Every morning, we compile the links of the day and dump them here… highlighting the big storyline. Because there’s nothing quite as satisfying as a good morning dump.
“For years owners have treated players as if they are just their property,” (agent Aaron) Goodwin said, “fining them over how they dress, act, everything. This is the first time the players have the opportunity to say no.”
That’s not an outlandish claim. For the past twelve years (since our last labor shutdown), Stern capped contracts and rookie deals so players didn’t get paid too much (or too much right away). He instituted a mandatory dress code so injured players looked more professional (translation: less “urban”). He cracked down on taunting during games, physical play, leaving the bench during altercations and anything else that might lead to another Artest Melee or Kermit/Rudy scenario. He pushed players to participate in “NBA Cares,” fined them for not showing up on time to All-Star Weekend, fined them for avoiding the press during the playoffs and basically treated them like an overbearing high school principal. And, of course, he made every decision in his typically smug, sarcastic, endearing-or-bullying-depending-on-how-you-feel-about-him manner.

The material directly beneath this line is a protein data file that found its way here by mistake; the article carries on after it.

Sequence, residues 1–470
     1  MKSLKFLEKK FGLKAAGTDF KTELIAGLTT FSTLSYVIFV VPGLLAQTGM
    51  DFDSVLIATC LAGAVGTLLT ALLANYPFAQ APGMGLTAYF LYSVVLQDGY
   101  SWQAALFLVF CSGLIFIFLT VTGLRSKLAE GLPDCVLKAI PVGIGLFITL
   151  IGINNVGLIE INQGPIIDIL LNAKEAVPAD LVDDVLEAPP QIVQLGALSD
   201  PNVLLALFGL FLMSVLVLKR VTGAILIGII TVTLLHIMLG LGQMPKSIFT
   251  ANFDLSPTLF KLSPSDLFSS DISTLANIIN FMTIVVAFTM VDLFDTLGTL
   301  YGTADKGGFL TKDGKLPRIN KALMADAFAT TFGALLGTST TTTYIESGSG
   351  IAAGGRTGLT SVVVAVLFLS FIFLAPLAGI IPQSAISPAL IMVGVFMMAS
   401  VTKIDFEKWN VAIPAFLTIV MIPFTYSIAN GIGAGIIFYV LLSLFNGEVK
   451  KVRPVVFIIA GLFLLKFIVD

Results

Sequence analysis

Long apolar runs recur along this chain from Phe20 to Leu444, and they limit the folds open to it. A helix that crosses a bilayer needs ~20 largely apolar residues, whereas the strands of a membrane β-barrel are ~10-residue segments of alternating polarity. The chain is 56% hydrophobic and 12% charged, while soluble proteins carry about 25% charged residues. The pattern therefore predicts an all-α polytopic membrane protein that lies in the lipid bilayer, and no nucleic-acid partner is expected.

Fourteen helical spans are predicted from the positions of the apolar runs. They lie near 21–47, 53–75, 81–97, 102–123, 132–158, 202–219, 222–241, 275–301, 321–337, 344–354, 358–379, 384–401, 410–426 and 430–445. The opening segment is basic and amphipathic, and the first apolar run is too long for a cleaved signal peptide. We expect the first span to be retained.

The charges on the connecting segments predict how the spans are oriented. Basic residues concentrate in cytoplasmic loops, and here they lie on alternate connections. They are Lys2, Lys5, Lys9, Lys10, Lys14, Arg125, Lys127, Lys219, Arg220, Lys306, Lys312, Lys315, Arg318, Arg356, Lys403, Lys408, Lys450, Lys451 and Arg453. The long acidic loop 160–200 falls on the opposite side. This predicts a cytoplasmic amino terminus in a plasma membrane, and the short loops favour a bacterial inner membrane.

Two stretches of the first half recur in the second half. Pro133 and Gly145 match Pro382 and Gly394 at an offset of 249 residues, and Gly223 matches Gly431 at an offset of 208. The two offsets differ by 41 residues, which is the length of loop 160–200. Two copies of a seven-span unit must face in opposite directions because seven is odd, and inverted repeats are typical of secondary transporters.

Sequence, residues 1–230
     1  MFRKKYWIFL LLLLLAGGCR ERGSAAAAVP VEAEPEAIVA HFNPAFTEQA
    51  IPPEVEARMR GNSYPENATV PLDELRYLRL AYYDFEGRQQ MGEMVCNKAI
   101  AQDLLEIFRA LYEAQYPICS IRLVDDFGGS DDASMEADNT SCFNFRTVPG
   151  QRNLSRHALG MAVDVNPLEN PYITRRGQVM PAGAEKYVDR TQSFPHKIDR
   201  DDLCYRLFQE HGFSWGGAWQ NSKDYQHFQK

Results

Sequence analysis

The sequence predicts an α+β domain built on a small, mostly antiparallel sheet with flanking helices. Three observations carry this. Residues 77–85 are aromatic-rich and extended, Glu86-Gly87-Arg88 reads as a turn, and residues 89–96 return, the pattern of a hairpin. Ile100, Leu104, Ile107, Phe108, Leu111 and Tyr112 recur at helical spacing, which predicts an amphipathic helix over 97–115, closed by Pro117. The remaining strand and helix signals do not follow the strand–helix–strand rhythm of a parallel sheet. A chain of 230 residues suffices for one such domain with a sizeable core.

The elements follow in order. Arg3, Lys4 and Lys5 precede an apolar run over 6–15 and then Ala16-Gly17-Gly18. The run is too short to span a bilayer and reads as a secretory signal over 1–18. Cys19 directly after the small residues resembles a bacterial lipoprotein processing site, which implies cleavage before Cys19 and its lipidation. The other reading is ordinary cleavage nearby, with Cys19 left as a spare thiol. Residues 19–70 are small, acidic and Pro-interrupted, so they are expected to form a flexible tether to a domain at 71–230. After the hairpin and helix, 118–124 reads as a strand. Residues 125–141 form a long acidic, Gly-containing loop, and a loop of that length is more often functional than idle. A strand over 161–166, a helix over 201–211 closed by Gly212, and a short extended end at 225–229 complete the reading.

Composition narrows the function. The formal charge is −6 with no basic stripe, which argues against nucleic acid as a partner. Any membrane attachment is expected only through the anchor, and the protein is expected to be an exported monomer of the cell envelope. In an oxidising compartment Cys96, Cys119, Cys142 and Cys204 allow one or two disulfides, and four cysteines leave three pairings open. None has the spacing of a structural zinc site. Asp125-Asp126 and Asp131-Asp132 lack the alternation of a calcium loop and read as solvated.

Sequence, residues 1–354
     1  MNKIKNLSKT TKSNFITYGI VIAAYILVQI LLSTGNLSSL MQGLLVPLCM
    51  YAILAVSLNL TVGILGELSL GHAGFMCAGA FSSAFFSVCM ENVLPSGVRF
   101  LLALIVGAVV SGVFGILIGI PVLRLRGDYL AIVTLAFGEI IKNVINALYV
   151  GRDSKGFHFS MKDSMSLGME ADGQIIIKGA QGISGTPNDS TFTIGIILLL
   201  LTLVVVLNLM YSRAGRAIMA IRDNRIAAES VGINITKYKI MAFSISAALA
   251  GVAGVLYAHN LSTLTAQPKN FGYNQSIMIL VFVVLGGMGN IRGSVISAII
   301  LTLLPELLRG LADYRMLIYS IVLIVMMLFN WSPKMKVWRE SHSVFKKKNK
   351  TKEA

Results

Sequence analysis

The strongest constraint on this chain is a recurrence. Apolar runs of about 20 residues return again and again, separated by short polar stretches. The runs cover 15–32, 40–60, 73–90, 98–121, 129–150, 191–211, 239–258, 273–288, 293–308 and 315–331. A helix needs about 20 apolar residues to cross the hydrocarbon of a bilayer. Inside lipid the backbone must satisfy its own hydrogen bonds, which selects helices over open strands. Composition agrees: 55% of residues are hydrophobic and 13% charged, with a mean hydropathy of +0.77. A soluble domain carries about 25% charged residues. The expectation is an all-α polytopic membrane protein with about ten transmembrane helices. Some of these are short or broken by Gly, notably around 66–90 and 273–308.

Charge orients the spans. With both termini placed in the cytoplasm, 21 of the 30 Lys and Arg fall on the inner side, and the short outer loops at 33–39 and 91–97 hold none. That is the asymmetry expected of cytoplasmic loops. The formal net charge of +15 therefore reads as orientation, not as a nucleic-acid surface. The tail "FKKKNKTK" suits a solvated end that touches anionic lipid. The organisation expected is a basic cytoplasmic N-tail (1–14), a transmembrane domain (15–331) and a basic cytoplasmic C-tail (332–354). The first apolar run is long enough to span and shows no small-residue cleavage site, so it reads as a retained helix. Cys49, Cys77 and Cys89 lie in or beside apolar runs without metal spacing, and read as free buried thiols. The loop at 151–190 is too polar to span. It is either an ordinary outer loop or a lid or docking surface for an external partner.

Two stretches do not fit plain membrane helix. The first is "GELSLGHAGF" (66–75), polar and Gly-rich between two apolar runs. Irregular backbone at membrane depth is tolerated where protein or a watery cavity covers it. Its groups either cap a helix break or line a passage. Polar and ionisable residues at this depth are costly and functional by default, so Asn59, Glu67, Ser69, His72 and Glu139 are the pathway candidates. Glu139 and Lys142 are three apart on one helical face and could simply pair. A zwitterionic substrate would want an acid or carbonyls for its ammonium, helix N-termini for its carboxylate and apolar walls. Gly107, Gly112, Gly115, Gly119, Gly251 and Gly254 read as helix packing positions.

I don’t blame Stern — sometimes you’re the last to know. I think that he thought his track record was impeccable. He can’t see how his players see him in 2011 — as the little/old/sarcastic/white/out-of-touch dictator who patronizes them, orders them around, genuinely feels like THEY should listen to HIM, and by the way, works for the owners (and not them). And it’s not like fans are delighted with him, either. He stopped thinking outside the box years ago.5
Bill Simmons perfectly captures the players perspective in his latest Grantland column. In a nutshell, they’re mad as hell at David Stern and not going to take his BS anymore.
It’s not fair to say this lockout would have been avoided had Stern retired a few years ago. But his absence would, at least, removed some of the “personal grudge factor” that’s clogging negotiations.
I stopped reading after 15 paragraphs. Let me know if there is anything interesting in the remaining 20 paragraphs.
The rest of the links: